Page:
Ronnie Dunn by Ronnie Dunn

After 20-plus years as the primary singer for duo Brooks & Dunn, Ronnie Dunn isn’t ready to hang up his spurs just yet. His first post-B&D solo single, “Bleed Red,” debuted in the 30s on the Billboard Hot Country Songs chart, but artistically, it’s a bland, play-it-safe release, saved only by Ronnie’s impeccable vocal performance.

“Let the Cowboy Rock” suffers a similar fate, with an overproduced din of guitar tones. Ronnie fares better elsewhere with “Once,” which extols a kind of love found only once in a lifetime. Though the tune veers more toward adult contemporary fare than his Brooks & Dunn material, the song’s rhythmic drive and Ronnie’s muscular voice make for a fine match.

On the smoldering “I Don’t Dance,” Ronnie sings of staying faithful to his true love amid the temptations of life on the road. A mariachi band guests on “How Far to Waco,” complementing the track with bright, precise accompaniment. “Cost of Livin’” is a gem, a sobering look at the fate of returning American soldiers in a down economy who now fight a different set of dire circumstances.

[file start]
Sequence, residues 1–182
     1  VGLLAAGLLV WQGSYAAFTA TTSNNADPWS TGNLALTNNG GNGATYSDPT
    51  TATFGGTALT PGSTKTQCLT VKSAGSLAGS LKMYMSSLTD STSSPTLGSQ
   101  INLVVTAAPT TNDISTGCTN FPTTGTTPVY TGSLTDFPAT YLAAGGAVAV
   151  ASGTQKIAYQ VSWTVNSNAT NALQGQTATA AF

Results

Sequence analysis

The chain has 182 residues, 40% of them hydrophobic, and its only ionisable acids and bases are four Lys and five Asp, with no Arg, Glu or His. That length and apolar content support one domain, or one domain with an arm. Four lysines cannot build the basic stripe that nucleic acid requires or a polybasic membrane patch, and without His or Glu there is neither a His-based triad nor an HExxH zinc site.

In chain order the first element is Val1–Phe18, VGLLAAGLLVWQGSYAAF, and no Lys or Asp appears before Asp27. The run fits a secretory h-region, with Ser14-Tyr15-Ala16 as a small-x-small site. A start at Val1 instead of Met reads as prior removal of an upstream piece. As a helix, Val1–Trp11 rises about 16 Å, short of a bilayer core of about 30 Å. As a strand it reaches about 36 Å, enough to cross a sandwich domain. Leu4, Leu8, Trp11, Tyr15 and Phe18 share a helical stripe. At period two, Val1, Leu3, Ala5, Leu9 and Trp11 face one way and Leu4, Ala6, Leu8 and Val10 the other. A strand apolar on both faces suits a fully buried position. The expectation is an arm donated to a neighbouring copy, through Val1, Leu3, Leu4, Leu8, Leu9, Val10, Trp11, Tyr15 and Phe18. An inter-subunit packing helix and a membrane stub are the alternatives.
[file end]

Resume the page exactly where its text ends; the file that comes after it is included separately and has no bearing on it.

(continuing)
With this vocal showcase, Ronnie may finally garner a long-overdue best male country vocalist award.

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